• Video – Will Chong 
  • Costume – Lagenda Leng & Lee Swee Keong 
  • Stage Manager-Hoe Hui Ting 
  • Make up & hair for female performers – Jamie Chu
  • Mask Painter-Loh Bok Lai
Partner with
MAP, Publika

Photos credit-Jiet Wong
The Crowning
The Widows

The Widows
The Spirits

The Coffin

Butoh Workshop by Nobuyoshi Asai

Programme 3 of Nyoba Kan Butoh Fest 2016

Butoh Workshop by Nobuyoshi Asai

Conducted by
Nobuyoshi Asai

Nobuyoshi Asai practiced street dance at an international level during his youth. For a year, he joined the Alvin Ailey American Dance Theatre in New York. He started his own company, Sudbury, in Japan where young artistes joined their creative resources giving international performances. In search of a more profound interior approach, he joined Dairakudakan butoh company in 2005 before becoming a permanent dancer at Sankai Juku with whom he performed all over the world. In 2011, the Pola Art Foundation provided him grants to pursue his choreographic and artistic researches in Berlin. The following year, he obtained the Japanese Government Study program for Artists and spent a year in Tel Aviv, attached at the Batsheva Company and also collaborating with the alternative artists of Clipa Theatre. Striving to embrace a freelance career — in order to explore dance and choreography further and also collaborations / creations on photography and plastic arts — he now lives and works in France.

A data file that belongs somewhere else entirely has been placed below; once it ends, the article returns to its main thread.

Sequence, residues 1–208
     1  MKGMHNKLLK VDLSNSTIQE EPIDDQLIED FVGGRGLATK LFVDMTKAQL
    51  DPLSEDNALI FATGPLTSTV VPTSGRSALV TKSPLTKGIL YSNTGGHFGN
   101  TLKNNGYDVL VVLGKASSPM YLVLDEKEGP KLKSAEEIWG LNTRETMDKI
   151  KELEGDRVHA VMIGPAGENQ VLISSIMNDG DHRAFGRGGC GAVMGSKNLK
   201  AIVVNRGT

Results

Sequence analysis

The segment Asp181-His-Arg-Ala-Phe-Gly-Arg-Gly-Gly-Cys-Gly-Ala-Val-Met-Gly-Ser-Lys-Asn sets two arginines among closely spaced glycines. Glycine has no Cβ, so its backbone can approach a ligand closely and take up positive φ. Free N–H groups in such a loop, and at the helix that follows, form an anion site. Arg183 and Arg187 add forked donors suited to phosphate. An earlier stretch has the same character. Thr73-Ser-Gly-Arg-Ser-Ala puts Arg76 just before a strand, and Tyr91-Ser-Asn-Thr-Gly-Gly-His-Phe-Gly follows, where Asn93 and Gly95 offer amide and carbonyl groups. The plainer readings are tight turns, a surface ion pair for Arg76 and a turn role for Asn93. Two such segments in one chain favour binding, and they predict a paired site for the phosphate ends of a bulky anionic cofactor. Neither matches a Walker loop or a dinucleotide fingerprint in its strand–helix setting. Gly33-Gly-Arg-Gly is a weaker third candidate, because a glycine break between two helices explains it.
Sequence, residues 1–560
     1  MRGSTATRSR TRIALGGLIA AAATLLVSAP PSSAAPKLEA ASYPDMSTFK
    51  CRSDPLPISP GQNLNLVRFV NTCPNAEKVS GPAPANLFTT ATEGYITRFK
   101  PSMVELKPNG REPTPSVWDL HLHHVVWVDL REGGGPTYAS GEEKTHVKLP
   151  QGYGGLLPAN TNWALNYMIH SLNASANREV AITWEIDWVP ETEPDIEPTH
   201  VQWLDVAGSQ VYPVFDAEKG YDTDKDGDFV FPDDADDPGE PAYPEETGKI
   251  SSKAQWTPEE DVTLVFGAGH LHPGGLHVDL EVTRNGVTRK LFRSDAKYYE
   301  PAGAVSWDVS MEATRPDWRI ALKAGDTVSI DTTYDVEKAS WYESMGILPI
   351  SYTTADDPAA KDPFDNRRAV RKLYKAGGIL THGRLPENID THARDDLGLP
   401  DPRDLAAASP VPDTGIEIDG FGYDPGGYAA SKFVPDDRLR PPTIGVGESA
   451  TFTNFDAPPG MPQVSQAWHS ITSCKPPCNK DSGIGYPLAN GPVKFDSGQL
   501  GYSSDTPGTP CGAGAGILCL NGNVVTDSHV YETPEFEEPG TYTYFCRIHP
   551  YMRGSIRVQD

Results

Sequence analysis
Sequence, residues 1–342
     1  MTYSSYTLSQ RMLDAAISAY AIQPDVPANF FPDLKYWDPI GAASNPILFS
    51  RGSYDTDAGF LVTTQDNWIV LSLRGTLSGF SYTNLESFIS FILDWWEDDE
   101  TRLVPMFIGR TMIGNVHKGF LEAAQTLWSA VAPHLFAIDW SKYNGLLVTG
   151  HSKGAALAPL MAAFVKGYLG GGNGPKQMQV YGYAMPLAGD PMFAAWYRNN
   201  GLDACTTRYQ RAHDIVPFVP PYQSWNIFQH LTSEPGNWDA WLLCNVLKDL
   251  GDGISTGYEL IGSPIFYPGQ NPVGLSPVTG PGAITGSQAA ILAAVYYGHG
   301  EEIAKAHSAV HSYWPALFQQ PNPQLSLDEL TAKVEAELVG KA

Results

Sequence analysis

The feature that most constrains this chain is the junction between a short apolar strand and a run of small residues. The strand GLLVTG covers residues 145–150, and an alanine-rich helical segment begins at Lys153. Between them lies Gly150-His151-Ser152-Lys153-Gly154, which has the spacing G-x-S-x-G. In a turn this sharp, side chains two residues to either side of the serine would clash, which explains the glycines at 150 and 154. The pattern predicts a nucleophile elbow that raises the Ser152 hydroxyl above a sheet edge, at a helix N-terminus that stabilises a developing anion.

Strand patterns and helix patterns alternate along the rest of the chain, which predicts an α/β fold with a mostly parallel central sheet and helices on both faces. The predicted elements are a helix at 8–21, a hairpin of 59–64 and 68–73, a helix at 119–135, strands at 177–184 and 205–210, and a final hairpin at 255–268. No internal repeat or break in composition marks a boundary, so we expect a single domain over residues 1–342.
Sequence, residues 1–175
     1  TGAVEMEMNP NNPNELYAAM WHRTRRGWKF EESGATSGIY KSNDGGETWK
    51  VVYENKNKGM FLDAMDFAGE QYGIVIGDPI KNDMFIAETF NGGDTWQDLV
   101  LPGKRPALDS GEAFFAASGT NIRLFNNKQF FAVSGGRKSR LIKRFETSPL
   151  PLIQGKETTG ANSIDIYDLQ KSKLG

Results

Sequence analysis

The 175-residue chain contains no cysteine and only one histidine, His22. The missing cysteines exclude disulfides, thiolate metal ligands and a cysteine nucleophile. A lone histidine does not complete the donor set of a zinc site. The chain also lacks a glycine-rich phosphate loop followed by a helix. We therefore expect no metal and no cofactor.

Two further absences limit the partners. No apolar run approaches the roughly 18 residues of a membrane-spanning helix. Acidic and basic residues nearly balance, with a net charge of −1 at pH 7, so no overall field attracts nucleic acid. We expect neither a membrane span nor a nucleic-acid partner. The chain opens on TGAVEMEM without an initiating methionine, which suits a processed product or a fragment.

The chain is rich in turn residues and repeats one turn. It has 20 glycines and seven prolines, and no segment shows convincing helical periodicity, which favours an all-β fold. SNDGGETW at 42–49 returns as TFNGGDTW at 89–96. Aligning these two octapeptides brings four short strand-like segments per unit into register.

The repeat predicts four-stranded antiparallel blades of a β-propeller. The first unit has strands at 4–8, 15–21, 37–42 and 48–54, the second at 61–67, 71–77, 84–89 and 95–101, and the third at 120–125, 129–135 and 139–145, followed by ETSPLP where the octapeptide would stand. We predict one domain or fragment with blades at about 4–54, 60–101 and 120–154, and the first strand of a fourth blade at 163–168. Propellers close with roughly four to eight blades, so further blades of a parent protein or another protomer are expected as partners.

transform yourself into a flower

Demonstration from Nobuyoshi Asai

Saturday, April 16, 2016

Butterfly Lovers - re-stage 梁祝 (李瑞强独舞与音乐会)

Butterfly Lovers - re-stage



Live music and dance

6 & 7 May2016 8:30pm
8 May 3pm

03-4065  0001/0002

RM68 / RM61(DPAC Member)

Music cleans the soul; Drama reflects the voice
In dance, Zen prevails; We explores the legend of the butterfly lovers
As love parts as well as the perils of hate, we experience it together.

Monday, July 27, 2015

The Coffin is Too Big for the Hole 棺材太大洞太小


Any standard does violence to the individual insofar as it ignores the complexity of being human. Seeking solace in the suppression of heterogeneity, in the containment of diversity, the authority congratulates itself for its mastery on trivial things.

Standardisation, if anything, is imposed to satisfy the libido of power and control. In Malaysia, how often is someone penalised for not conforming to an expectation, for being different, and simply for being herself or himself? They said our idea is too seditious for the country, our narrative is too dissimilar to the official history, our multiplicity is too burdensome for the statecraft, and our questionings, too big.

Based on Kuo Pao Kun's The Coffin is Too Big for the Hole written in 1984, Nyoba Kan revisits its absurdism in a Malaysian context. What happen when the coffin of your late grandfather cannot fit into the hole especially dug for it? One body. One coffin. One hole. One Malaysia? Perhaps, it is time to subvert Kuo's polemics: Is not the hole too small for the coffin? Is not our standards too oppressive? And our laws and regulations, too restrictive? Rhetorical questions nonetheless, they point to a conundrum between a country and its people.

1. Free Performance

14(Sat) & 15.8(Sun) 3pm
The Boulevard, Publika

2. 21(Fri) & 22.8 (Sat) 8pm

Black Box, MAP
RM48(student,senior and disabled)

Enquiry :
Kiea Kuan Nam 012-6560812
Lee Swee Keong 012-300 8255

Facebook: Nyoba Kan Butoh Fest 2015